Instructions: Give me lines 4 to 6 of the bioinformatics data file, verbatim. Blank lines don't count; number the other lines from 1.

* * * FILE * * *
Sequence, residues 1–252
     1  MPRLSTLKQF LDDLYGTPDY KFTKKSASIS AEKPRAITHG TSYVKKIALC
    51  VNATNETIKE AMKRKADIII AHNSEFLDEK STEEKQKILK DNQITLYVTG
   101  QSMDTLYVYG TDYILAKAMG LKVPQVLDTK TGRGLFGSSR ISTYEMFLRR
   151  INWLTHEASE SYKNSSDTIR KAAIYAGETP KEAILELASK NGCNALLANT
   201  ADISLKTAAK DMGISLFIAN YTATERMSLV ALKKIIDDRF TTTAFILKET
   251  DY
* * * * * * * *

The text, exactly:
   101  QSMDTLYVYG TDYILAKAMG LKVPQVLDTK TGRGLFGSSR ISTYEMFLRR
   151  INWLTHEASE SYKNSSDTIR KAAIYAGETP KEAILELASK NGCNALLANT
   201  ADISLKTAAK DMGISLFIAN YTATERMSLV ALKKIIDDRF TTTAFILKET